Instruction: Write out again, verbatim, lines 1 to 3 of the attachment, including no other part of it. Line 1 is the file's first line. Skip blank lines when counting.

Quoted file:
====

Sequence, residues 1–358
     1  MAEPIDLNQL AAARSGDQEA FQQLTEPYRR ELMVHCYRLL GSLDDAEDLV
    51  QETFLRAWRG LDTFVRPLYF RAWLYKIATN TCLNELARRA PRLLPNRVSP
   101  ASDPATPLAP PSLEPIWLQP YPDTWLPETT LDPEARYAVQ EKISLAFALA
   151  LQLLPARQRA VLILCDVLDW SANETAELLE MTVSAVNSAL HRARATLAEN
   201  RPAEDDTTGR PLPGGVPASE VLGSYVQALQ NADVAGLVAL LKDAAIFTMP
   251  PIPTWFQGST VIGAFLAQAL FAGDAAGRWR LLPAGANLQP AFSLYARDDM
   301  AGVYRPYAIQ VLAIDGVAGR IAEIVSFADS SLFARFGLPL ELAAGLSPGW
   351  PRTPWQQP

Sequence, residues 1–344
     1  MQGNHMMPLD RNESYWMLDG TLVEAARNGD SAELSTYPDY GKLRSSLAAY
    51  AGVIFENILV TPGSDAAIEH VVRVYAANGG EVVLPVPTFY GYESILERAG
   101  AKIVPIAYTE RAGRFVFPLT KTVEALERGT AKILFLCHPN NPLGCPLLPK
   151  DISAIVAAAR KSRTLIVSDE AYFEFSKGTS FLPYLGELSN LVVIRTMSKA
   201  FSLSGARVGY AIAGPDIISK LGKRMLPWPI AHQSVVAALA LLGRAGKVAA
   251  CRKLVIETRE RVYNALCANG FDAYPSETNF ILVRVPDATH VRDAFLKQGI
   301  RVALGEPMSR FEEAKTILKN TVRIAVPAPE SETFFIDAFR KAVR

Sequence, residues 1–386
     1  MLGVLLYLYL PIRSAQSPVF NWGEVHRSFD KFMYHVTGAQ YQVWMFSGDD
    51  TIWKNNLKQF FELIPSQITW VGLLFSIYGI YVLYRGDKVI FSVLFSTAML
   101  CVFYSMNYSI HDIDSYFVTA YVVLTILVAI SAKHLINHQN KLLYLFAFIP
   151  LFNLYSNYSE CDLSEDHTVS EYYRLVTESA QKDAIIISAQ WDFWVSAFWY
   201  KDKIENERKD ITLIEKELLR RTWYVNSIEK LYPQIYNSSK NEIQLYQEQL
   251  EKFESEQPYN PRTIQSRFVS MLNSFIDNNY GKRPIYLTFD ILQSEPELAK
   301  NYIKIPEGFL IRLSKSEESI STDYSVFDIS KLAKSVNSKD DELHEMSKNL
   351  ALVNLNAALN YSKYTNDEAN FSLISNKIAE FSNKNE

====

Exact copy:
Sequence, residues 1–358
     1  MAEPIDLNQL AAARSGDQEA FQQLTEPYRR ELMVHCYRLL GSLDDAEDLV
    51  QETFLRAWRG LDTFVRPLYF RAWLYKIATN TCLNELARRA PRLLPNRVSP